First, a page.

THE WEEKLY - No rest for RSVP volunteers

The local volunteer agency is raising awareness amid funding cutbacks.

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Walla Walla's RSVP, like many community assistance programs nationwide, is feeling an economic pinch.

But it continues to count on its legions of volunteers with varied expertise and affiliated organizations to meet the needs of people in the community, and is always looking for more.

The local RSVP -- short for Retired Senior Volunteer Program -- operates out of an office at The Center at the Park, 720 Sprague Ave., to connect area volunteers with organizations needing help.

It's part of a national program, the Corporation for National and Community Service, operating with federal funding and some state support.

"We are fortunate to have state support ... to offset cuts at the federal level," said RSVP Director Peggy Needham.

Service priorities target education, health, clean energy and the environment, economic opportunity and veterans.

But the new, more austere economy is forcing RSVP to shuffle resources to do more with less due to an expected cut in the $61,745 federal funding it received this year.

"We're looking at about a 20 percent budget cut, 12 months of funding and having to make it stretch for 15 months," she said. "It's hard when you have to piecemeal things together."

She is now working to increase awareness of RSVP and just how many people's lives they touch.

Many businesses and organizations benefit from thousands of volunteer hours -- 90,000 hours from people 55 years and older alone, Needham said. Military veterans also comprise a large chunk of the volunteer forces.

But according to Needham, there's a disconnect because the volunteers aren't readily identified with RSVP but rather with the organization where they volunteer. She recently has been making presentations to United Way and Rotary groups, illustrating RSVP's mission and services it offers, both for the organizations it helps and the benefits volunteers gain.

"I want to show how we make an impact. When you look at St. Mary, or look at the General Hospital, these people delivering flowers, delivering meds, doing records, working in the gift shop, those are RSVP volunteers."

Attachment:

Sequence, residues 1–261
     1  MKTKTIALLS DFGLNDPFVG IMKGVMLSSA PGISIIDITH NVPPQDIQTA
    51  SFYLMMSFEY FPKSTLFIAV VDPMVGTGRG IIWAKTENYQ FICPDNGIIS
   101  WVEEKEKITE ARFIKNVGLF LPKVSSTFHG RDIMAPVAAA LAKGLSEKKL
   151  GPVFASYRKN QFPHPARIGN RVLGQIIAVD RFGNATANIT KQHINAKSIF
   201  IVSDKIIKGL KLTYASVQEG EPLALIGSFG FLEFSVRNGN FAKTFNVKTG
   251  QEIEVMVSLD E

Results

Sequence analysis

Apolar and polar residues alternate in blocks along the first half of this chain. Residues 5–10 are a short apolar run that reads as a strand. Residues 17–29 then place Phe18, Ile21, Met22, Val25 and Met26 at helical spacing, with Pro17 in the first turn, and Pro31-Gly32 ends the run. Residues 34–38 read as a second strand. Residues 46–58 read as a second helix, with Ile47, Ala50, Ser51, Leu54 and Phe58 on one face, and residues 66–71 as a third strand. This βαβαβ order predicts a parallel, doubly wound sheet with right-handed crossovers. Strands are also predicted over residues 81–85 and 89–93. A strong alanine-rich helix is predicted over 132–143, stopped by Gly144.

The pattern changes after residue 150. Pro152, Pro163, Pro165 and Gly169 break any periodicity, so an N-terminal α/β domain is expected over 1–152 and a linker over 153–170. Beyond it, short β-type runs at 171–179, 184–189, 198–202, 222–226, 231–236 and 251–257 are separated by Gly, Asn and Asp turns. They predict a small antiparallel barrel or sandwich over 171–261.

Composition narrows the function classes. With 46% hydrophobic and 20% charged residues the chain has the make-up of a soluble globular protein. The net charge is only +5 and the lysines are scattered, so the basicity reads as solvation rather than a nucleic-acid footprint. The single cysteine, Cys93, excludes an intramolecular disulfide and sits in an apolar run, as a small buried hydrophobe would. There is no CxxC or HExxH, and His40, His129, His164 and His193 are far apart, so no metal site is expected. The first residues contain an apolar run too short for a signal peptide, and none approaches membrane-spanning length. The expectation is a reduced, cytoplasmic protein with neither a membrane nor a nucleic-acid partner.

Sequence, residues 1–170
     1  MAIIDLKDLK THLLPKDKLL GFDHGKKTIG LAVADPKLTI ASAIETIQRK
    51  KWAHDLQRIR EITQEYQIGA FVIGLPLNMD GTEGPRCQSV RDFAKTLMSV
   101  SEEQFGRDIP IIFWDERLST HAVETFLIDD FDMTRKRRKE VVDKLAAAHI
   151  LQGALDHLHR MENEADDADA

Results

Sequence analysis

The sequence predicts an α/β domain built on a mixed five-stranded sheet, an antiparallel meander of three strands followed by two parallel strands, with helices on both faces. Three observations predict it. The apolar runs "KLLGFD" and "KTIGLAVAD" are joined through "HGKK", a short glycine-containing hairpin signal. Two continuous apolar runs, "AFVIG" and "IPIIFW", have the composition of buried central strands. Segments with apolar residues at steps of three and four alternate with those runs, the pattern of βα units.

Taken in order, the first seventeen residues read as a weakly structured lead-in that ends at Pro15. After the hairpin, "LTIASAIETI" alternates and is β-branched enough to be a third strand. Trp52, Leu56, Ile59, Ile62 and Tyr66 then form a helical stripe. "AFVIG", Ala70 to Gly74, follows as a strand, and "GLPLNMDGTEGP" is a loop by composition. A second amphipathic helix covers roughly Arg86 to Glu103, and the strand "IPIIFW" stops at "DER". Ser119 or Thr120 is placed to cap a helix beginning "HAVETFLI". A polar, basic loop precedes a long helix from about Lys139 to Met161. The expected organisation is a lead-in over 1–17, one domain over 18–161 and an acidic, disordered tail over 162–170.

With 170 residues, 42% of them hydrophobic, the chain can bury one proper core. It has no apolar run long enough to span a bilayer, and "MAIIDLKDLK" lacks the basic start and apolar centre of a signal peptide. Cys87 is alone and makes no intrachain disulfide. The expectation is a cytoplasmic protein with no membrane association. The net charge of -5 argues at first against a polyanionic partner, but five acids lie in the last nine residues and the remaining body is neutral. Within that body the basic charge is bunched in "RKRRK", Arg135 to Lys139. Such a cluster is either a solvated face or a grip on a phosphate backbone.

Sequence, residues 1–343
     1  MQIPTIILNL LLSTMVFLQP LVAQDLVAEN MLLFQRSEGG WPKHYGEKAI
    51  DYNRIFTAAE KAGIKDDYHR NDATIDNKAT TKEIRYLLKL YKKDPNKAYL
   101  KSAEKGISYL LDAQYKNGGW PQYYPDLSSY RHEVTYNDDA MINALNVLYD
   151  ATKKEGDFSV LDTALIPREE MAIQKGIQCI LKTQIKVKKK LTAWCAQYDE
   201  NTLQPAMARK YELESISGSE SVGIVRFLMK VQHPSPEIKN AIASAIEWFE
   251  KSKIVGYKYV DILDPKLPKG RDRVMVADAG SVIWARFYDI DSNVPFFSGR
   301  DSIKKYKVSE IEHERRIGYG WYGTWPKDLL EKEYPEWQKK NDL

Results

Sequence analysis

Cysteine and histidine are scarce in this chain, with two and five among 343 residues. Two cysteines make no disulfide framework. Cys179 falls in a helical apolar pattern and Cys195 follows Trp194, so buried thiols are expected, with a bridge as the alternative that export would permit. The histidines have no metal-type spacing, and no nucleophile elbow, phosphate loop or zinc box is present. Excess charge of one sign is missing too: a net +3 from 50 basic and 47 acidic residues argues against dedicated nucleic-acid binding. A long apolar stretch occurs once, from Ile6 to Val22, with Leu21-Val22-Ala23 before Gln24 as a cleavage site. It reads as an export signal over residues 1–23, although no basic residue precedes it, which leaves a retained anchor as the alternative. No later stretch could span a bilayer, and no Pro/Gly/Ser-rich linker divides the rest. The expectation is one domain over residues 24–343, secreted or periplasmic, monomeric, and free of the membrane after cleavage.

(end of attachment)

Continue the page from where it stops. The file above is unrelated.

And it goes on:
For someone who wants to volunteer and doesn't know where to start, or for an organization that needs some help, RSVP also provides placement and volunteer opportunities.

Needham currently is working on more partnerships with other agencies and organizations. One such partnership that has made an impact is the Prescription Take Back Day. RSVP partnered with local law enforcement agencies to provide a way to get unwanted prescriptions out of medicine cabinets and disposed properly. The first Take Back Day removed 102 pounds of drugs in four hours.

Thursday grocery shopping at Walla Walla's Harvest Foods has also helped many locals.

"I have 46 clients that are able to stay in their homes because volunteers with RSVP help them with the grocery shopping," Needham said.

RSVP also has a priority of mentoring veterans just returning home. They often find volunteer positions in emergency management and working with other veterans.

"Twenty percent of our volunteers are veterans, they gave 8,000 hours," Needham said.

RSVP can help people interested in volunteer work the right match for their interests and talents. As the local clearing house for many volunteer opportunities, the organization matches needs in the community with volunteers' skills. The variety of opportunities for volunteers is large, and people can put in a lot of time or just a little, whatever works for their schedules and interests, according to RSVP Director Peggy Needham. For information about RSVP, call 509-527-3775.

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